Tuesday, 23 November 2010

We hit the jackpot with Durban, what more is there to celebrate?

by Pravasin Pillay

It's been 150 years since indentured Indian labourers arrived on the shores of South Africa.

In honour of this occasion, celebrations are being planned, commemorative books are being published, ads pontificating poetically about the essence of South African-Indianness are being placed in newspapers and on radio and, one presumes, huge vats of breyani are being prepared.

I fail to see what all the fuss is about. Black people, if my timeline is correct, have been in the country for at least as long and you don't see them ululating about it. White people have also been here for ages, but do you ever hear them going on about their history in South Africa? They just want to be left alone in their modest gated communities. Now that's class. We would do well to take a leaf out of their book. But I guess the party's already been planned.

The marquee has been hired, the sitars are tuned, the bribes are paid, the samoosas are triangulated and the stereotypes are dusted off, so it's too late to cancel now. Still -- and I don't want to be a stick in the mud -- may I offer just one piece of advice to my peeps?

I know you're excited about the occasion because, let's be honest, we could have ended up indentured in some godforsaken place like Canada, but we hit the jackpot and got Durban, which has, like, the Moses Mabhida Stadium and uShaka Marine World.

'Turn down the cliché'
It's perfectly acceptable to be grateful for this good fortune but, when presented with a platform to express this gratitude, let's try to turn down the cliché dial. For instance, don't say things like, "My heart beats to an African drum and my soul to the rhythm of the tabla" on SAfm. Because that's kind of lame, see.

I don't want to get into a metaphysical discussion, but since when did souls acquire the ability to keep time with an Eastern percussion instrument? It's a metaphor, you say? For me, it's more like Oprah swallowed Deepak Chopra and Hallmark's multicultural division and became a slam poet.

Look, if you have to say something and if you want to be real about it, try emulating the sheer coolness of my favourite South African Indian, Manu Padayachee. A journalist and television presenter, he made history when he became the first black presenter on M-Net. On his presenting debut, he greeted the pay channel viewers with this piece of drollery: "Please do not adjust the colour on your sets, I look this way." That's how you do it.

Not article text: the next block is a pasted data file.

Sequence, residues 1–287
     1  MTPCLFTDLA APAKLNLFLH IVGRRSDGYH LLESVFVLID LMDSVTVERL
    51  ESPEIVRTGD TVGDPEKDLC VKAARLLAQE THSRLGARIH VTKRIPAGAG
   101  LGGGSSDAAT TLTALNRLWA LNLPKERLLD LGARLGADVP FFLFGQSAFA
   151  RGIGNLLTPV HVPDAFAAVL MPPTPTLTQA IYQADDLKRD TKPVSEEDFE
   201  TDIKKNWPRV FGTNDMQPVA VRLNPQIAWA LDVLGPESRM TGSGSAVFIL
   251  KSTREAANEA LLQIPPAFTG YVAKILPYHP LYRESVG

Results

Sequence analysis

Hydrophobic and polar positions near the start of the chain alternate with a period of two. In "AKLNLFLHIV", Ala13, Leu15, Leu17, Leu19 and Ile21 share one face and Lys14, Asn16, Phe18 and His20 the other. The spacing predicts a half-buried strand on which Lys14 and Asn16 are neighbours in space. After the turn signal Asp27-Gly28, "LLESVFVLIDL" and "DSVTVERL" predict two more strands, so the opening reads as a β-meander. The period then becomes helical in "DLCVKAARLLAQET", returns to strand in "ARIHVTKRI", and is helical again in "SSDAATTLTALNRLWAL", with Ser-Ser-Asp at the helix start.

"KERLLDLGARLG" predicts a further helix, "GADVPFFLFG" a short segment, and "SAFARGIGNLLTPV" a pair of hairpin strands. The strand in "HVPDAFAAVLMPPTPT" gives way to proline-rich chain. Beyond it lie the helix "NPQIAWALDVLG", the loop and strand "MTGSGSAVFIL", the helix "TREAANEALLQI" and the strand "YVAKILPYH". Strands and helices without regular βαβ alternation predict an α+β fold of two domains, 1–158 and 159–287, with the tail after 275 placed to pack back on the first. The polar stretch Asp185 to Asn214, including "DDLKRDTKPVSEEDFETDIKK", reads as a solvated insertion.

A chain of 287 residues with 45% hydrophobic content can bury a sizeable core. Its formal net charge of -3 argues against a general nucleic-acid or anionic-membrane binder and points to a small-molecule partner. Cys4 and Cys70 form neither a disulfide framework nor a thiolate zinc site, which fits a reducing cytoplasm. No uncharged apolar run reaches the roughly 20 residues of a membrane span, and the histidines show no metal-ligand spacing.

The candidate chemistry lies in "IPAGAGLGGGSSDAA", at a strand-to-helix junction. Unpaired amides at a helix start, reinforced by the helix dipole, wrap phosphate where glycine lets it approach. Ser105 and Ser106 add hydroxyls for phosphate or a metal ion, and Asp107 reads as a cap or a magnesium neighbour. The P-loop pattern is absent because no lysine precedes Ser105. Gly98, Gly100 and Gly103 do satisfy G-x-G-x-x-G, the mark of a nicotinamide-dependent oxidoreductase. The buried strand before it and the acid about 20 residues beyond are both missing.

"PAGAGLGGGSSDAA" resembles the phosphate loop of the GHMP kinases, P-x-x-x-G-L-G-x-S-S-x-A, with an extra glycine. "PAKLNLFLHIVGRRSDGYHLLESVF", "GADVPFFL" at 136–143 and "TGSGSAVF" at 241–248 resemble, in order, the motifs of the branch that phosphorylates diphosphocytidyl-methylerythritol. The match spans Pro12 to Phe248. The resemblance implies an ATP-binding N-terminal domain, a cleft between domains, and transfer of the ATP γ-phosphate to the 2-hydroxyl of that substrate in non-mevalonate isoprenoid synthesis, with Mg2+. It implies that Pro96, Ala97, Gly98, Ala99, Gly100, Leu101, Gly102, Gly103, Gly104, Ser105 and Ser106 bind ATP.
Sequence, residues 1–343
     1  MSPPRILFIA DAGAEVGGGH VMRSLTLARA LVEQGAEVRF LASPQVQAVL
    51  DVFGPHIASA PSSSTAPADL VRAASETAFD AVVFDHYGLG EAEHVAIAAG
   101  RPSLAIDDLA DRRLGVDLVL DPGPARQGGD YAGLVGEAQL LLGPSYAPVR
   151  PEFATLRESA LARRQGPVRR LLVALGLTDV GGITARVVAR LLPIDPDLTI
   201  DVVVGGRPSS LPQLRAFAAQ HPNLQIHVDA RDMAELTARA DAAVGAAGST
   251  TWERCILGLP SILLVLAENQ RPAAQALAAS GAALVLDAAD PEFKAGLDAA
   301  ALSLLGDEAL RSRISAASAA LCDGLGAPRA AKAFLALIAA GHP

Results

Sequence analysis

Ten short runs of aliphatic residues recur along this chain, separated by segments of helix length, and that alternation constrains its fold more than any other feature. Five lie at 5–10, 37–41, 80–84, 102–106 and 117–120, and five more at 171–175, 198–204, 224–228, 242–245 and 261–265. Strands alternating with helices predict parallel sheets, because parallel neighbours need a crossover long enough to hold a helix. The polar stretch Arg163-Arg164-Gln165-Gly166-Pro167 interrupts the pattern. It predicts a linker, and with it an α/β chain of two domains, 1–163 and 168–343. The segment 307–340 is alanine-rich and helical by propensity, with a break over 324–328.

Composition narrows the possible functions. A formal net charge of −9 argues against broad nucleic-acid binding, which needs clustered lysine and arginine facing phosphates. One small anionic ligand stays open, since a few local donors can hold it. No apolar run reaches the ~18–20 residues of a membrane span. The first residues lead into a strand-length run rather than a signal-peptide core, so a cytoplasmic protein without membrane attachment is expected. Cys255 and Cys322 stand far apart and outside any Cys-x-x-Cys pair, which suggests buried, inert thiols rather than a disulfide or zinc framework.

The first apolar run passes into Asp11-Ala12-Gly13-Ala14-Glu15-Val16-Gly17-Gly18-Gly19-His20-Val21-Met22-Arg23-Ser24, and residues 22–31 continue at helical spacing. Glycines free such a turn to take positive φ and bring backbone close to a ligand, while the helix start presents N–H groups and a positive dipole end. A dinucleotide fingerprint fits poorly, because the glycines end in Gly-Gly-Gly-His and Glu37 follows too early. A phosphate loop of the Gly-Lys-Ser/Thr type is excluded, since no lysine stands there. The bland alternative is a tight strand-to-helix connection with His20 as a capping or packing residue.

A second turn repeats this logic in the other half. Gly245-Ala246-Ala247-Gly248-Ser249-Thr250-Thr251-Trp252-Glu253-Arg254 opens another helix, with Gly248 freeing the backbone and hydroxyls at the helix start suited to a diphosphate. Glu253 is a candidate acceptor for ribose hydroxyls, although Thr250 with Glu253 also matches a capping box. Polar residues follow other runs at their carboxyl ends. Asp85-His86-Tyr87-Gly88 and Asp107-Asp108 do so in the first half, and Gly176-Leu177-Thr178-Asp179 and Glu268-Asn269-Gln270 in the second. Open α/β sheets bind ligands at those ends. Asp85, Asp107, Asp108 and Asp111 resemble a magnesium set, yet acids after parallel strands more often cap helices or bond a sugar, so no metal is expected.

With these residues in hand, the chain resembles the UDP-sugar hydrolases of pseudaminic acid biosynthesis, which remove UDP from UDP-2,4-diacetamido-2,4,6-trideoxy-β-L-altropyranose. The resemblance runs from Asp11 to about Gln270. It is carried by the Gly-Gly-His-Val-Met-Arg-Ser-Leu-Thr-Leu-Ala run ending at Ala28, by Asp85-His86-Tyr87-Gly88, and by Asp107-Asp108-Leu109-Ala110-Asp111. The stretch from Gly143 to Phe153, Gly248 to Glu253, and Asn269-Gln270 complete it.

One thing I find fascinating about the 150th anniversary is the conflict between various Indian lobby groups and organisations over who should spearhead the celebrations. This is what I love about living in a democracy: the freedom. All these unelected groups are free to claim to represent me, my story and my history without any sort of censure. And they're so considerate as well. Not once did I receive a pesky phone call asking me if I wanted to be represented by them.

I also love that they all seem to be run by rich and middle-class Indians, because, to me, nothing says indenture like rich and middle-class Indians. I would be seriously pissed off if some working-class charous from Chatsworth or Phoenix were put in charge of the celebrations. What would they know about it?

The only aspect of the anniversary that grates me is the news that a publication called The Vintage Book of South African Indian Writing will be launched to coincide with it. Looking through the contents it appears that every Indian writer in the country will be represented -- except me. I gotta say, that cuts deep. Is it a caste thing? I thought we'd moved beyond that.

Anyway, magnanimous person that I am, had I been asked this would have been my contribution of Indian punk rock anthems:
  • Gods Save The Queen;
  • Live Fast Reincarnate Young;
  • (White Naan) In Hammersmith Palais;
  • Ever Fallen in Love (With Someone You Weren't Arranged to Fall In Love With); and
  • Srimadaddankithirumalavaraahavenkatathaa is a Punk Rocker.
What's useful about my contribution is that it can double as a playlist during the anniversary party. It's a two-for-one. See, I'm Indian, I make a good deal for you.
jacked from Mail & Guardian Online
pics jacked from starafrica.com and david krut publishing


Anonymous said...

I love it! It's important to remember Indian presence in Mzansi but it's good to laugh at the silliness of the pantomime when Indian communities in Chatsworth and parts of the Flats could do well with the cash the that goes into celebrations.
Speaking of Durbz, when are you coming? Mail me.


Shane Barrera said...

According to reports, the "human-oriented and excellent social returns" together the core values and cultural systems under the influence, Forklift Group has accumulated a full range, highly skilled, loyal workforce. That you're expected to conduct thorough and proficient in loading and unloading of supplies in certain locations manually. 447.124 5 This includes paying close attention to the load limit of each particular forklift.